Garin College Garin College

Level 3 Geography

Subject Description

Teacher in Charge: P. Bucknall.

Entry Guidelines

The best preparation for this course is to study NCEA Level 2 Geography. Entry without meeting this can be discussed with the Teacher in Charge or Head of Faculty. It has been demonstrated that success in Geography is possible for students new to the subject at this level.

It is not uncommon for students who have studied Geography at level 1 to return in level 3. This is obviously less desirable than continuing through all three levels but it does have the benefit of providing a core understanding of the concepts, skills and assessment formats in the subject, enabling many who return to achieve very well.

Study of Geography at level 3 continues students’ development of geographical skills and their understanding of important concepts and ideas that have been learnt in level 1 and 2. Skills in research, spatial pattern analysis, cultural and natural processes, statistical and mapping skills and analysis of contemporary issues all form part of this course.

Students will study a global topic, such as tourism, before focusing on conducting their own primary geographic research incorporated into a residential field trip over 3 days. The remaining internal is an analysis of the major international geographic issue of forced migration either by war, persecution or global warming.

The first of the external assessments is the culmination of the skills learnt through the course as demonstrated through analysis a given environment. This paper seeks to examine how well students have developed their skills and, crucially, how well they can identify the appropriate skills to complete the analysis. The final external is the most challenging and advanced, requiring in depth understanding of a cultural process, such as tourism, and how it is responsible for shaping and changing an environment, such as Queenstown.

Future Pathways:

Geography provides students the opportunity to learn a wide range of useful skills for the workplace and tertiary study. Many courses and employers value the broad communication, computer, research and analytical skills that geography students are experienced in.

The University of Auckland, New Zealand’s top ranked university both by Times Higher Education and QS Rankings, views level 3 credits in Geography just as desirable as any other subject that can be studied in NCEA. Geography is one of the 14 approved subjects that the University of Auckland use to calculate rank scores for admission to all of their courses. It is also one of the six courses that are required for some of the university’s most popular courses, including Bachelor of Health Sciences, Architecture and Commerce. For more information on this, see

NZ Curriculum Guide for Geography - Career Pathways: 

There are many types of positions that fit well with geography qualifications. A geography job is any work that focuses on location. Geographers work in a wide range of fields, from: urban and regional planning, industrial location and marketing, environmental monitoring and resource management, community development at home and abroad as researchers, analysts, consultants, technologists and planners.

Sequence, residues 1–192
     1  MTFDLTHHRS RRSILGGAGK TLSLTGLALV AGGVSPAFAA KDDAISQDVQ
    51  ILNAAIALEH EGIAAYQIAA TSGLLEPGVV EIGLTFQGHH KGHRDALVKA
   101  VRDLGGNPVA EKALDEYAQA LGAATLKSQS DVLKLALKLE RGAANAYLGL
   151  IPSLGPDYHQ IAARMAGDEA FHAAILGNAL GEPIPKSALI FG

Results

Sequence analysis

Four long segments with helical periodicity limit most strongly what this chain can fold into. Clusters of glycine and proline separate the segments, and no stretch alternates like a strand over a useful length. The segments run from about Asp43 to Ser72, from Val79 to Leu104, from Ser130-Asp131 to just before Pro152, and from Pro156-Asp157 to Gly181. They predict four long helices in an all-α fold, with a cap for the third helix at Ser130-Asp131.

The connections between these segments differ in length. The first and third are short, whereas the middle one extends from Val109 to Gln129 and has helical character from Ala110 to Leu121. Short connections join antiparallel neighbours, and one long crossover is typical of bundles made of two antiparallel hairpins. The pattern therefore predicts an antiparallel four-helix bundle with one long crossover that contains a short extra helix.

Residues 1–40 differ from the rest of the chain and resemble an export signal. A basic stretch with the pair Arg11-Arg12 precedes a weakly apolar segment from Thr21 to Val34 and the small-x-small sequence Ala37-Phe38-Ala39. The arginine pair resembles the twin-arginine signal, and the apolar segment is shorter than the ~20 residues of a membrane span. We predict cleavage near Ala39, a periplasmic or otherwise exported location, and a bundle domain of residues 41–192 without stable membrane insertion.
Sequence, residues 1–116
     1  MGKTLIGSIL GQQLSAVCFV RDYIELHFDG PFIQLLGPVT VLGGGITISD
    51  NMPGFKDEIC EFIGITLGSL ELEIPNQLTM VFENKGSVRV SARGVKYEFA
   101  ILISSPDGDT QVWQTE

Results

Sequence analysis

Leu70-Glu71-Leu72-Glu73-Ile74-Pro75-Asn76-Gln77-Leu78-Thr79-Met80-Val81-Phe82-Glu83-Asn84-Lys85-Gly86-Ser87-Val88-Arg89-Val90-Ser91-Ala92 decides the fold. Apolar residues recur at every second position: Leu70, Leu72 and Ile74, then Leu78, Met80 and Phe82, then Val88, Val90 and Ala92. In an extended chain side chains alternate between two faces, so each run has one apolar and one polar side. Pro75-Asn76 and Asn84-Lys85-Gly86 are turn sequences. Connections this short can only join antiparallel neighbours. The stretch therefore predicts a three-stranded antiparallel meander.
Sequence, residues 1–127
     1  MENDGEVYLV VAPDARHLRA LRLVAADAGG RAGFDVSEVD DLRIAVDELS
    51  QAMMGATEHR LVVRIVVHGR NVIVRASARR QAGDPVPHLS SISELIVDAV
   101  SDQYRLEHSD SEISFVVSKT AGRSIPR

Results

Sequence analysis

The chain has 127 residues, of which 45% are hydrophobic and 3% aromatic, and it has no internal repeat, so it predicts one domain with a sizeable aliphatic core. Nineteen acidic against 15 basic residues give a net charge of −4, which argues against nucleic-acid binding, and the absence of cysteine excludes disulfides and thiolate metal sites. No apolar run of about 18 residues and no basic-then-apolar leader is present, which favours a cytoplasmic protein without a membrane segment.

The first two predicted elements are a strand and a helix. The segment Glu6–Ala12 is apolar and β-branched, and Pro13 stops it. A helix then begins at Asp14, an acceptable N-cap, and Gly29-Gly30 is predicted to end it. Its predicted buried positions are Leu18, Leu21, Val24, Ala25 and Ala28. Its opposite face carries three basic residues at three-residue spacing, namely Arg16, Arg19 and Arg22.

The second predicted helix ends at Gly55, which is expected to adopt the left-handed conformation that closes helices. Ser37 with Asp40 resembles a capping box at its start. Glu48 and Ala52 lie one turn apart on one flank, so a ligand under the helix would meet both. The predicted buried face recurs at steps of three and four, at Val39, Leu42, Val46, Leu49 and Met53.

The ability to work with data is becoming increasingly important in geography, due, in large part, to technological advances. For example, much of our information about where things are located comes from satellites that continuously beam coordinates to global positioning devices on Earth.

Government and commercial satellites greatly increase the accuracy and amount of geographic data available. At the same time, new Geographic Information System (GIS) software can process those data with greater speed and flexibility. This technology creates new career possibilities for people who understand geography and who can process and use geographic information.

A few geography jobs are based almost entirely on the study of location. Remote sensing specialists, photogrammetrists, and surveyors gather data about where things are on Earth. GIS analysts review these data and sometimes use them to make maps. And planners help to determine where buildings and roads should be located.

Many maps rely on photographs or other data taken from airplanes, jets, and satellites. Remote sensing specialists oversee the collection of this information and interpret satellite images. Photogrammetrists interpret the more detailed data from jets and planes.

Further information and reading about future pathways and careers in Geography is available on this document:

Possible Alternative Standard

A.S. 91432 v2 Geography 3.7 - Analyse aspects of a geographic topic at a global scale - 3 credits

Student voice will be considered when deciding whether to assess for this internal as an alternative to one of the externals currently listed.


Social Science

Career Pathways

Mining Engineer, Survey Technician, Outdoor Recreation Guide/Instructor, Surveyor, Urban/Regional Planner, Emergency Management Officer, Civil Engineer, Meteorologist, Geologist, Environmental Engineer, Environmental/Public Health Officer, Financial Adviser, Ranger, Landscape Architect, Geophysicist, Groundsperson, Primary School Teacher, Kaiwhakaako Māori, Market Research Analyst, Policy Analyst, Production Manager, Secondary School Teacher, Travel Agent/Adviser, Intelligence Officer, Geospatial Specialist

Contributions and Equipment/Stationery

Cost: $300 to $350 for 3 day field trip for the research standard AS91430


An individual course will only run if sufficient students are accepted into the course.

All approvals for courses through this system are subject to satisfactory achievement in remaining internal standards and external examinations. Course Confirmation Day will run at the start of next year, where final approval for each course will be confirmed.